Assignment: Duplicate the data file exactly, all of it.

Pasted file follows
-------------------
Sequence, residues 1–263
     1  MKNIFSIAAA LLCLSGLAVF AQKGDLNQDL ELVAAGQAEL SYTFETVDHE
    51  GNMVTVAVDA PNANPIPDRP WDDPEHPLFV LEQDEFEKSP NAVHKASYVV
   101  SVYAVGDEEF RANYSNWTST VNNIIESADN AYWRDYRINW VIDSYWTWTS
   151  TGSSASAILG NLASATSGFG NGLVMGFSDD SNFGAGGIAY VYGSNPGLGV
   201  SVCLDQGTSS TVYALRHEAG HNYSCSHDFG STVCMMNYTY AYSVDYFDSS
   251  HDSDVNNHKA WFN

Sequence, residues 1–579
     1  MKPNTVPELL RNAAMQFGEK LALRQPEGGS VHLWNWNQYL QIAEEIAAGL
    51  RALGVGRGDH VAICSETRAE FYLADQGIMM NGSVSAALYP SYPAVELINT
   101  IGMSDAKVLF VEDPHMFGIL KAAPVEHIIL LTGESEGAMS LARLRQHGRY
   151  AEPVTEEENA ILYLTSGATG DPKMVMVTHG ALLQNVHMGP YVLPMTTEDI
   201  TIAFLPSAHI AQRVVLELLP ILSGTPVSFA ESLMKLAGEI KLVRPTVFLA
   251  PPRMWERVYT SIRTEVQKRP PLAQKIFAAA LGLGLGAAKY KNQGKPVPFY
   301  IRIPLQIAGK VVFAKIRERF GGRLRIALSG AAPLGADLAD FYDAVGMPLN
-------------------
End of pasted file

Sequence, residues 1–263
     1  MKNIFSIAAA LLCLSGLAVF AQKGDLNQDL ELVAAGQAEL SYTFETVDHE
    51  GNMVTVAVDA PNANPIPDRP WDDPEHPLFV LEQDEFEKSP NAVHKASYVV
   101  SVYAVGDEEF RANYSNWTST VNNIIESADN AYWRDYRINW VIDSYWTWTS
   151  TGSSASAILG NLASATSGFG NGLVMGFSDD SNFGAGGIAY VYGSNPGLGV
   201  SVCLDQGTSS TVYALRHEAG HNYSCSHDFG STVCMMNYTY AYSVDYFDSS
   251  HDSDVNNHKA WFN

Sequence, residues 1–579
     1  MKPNTVPELL RNAAMQFGEK LALRQPEGGS VHLWNWNQYL QIAEEIAAGL
    51  RALGVGRGDH VAICSETRAE FYLADQGIMM NGSVSAALYP SYPAVELINT
   101  IGMSDAKVLF VEDPHMFGIL KAAPVEHIIL LTGESEGAMS LARLRQHGRY
   151  AEPVTEEENA ILYLTSGATG DPKMVMVTHG ALLQNVHMGP YVLPMTTEDI
   201  TIAFLPSAHI AQRVVLELLP ILSGTPVSFA ESLMKLAGEI KLVRPTVFLA
   251  PPRMWERVYT SIRTEVQKRP PLAQKIFAAA LGLGLGAAKY KNQGKPVPFY
   301  IRIPLQIAGK VVFAKIRERF GGRLRIALSG AAPLGADLAD FYDAVGMPLN